FIG. 1 is a schematic view of a conventional optical processor.
FIG. 2A is a partially schematic and partially cross-sectional view of a multifunction optical processor to illustrate an embodiment of the invention.
FIG. 2B is a cross-sectional view of an isolator assembly used in the processor of FIG. 2A.
FIG. 3A is a partially schematic and partially cross-sectional view of an optical processor to illustrate an alternative embodiment of the invention.
FIG. 3B is a cross-sectional view of the processor of FIG. 3A along the line 3B—3B in FIG. 3A.
FIG. 4A is a schematic view of an optical arrangement where a tapped signal is derived from a radiation signal at a point in an optical path downstream from optical function regulation.
FIG. 4B is a cross-sectional view of an optical arrangement employing post regulation tapping in an optical device using optical reflection.
FIG. 5 is a partially schematic and partially cross-sectional view of an optical processor to illustrate another alternative embodiment of the invention.
FIG. 6 is a partially schematic and partially cross-sectional view of an optical processor to illustrate yet another alternative embodiment of the invention.
For simplicity in description, identical components are identified by the same numerals in this application.
In one embodiment as illustrated in FIG. 2A, the present invention uses one or more corner prisms to bridge the optical functionalities among a set of optical functional blocks. It also provides the optical tapping post the optical regulation.
FIG. 2A shows an optical module 200 that performs four functions. The input signal is transmitted along input fiber 201 doped with erbium and the pump power is carried by fiber 202. Both beams are collimated by a GRIN lens 204. The collimated beam of pump power is reflected by a filter 207 and is coupled to input fiber 201. Filter 207 may comprise one or more layers of optical material. The input signal beam passes through the filter 207 and an isolator assembly 208 before it hits the interface 210 of the corner prism 230. The interface 210 is coated with a partially reflective coating. The coating is such that most of the optical power in the input signal is reflected and a small percentage of optical power referred to herein as the tapped signal passes through the interface. The tapped signal is coupled to a monitoring fiber 216 through a GRIN lens 212. A wedge-shaped space between the prism 230 and the GRIN lens 212 is fill with a transparent material 211.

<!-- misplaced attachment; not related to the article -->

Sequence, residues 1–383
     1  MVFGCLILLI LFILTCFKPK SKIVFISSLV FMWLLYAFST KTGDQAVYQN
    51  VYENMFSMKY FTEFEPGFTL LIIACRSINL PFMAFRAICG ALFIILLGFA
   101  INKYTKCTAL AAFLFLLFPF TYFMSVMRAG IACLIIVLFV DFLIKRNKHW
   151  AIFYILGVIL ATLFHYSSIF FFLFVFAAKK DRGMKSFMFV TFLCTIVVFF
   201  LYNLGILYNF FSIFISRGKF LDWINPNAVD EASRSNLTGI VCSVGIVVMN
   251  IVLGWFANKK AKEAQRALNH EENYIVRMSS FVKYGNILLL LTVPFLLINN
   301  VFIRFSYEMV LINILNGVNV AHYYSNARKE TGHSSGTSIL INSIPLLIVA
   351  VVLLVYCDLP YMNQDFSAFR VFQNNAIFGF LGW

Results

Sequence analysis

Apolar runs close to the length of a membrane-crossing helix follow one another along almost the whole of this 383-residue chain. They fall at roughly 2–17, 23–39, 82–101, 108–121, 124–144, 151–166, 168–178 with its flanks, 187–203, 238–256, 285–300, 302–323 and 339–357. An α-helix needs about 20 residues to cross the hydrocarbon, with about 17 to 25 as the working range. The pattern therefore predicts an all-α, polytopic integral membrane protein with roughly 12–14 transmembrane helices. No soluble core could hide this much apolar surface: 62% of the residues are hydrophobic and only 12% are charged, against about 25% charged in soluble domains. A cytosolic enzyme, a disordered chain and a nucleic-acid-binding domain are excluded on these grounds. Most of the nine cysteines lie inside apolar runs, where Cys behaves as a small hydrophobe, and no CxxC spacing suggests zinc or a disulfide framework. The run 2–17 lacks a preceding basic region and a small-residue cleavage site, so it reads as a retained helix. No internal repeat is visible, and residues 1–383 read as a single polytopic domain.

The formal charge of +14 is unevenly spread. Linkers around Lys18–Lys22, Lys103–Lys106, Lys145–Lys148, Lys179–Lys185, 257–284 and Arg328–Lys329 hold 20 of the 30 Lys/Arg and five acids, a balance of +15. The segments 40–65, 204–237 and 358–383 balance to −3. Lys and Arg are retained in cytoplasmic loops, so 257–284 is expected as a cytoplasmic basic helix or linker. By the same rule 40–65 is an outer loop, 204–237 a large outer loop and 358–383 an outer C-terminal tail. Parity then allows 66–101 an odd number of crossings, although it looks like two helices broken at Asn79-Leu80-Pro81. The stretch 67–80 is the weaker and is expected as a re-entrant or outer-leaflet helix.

The reflected beam at the interface 210 is reflected again at the other interface 231 of prism 230. A glass substrate 221 coated with a filtering film or films 222 is interposed between the interface 231 and the output fiber 228. The reflected beam 233 from interface 231 passes through the filter 222 and is coupled to the output fiber 228. As an option, an optical service signal carried by fiber 227 may be merged or multiplexed into the output signal in fiber 228 by means of filter 222 which serves as a WDM, where the optical service signal is reflected and coupled to the output fiber 228.
In the optical path between the GRIN lens 206 and the other GRIN lens 225, the optical signal is a well collimated parallel beam. The potential of this collimated beam can be further utilized by adding more optical processing elements such as gain flattening filter, which equalizes the optical gain of erbium fiber 201 over the operating wavelength range, such as 1530-1620 nm. Such elements may be added, for example, in the optical path between the two GRIN lenses.
FIG. 2B shows the optical elements in one embodiment of isolator assembly 208. The isolator assembly can consist of a birefringent crystal 251, a Faraday rotator 252 and the other birefringent crystal 253.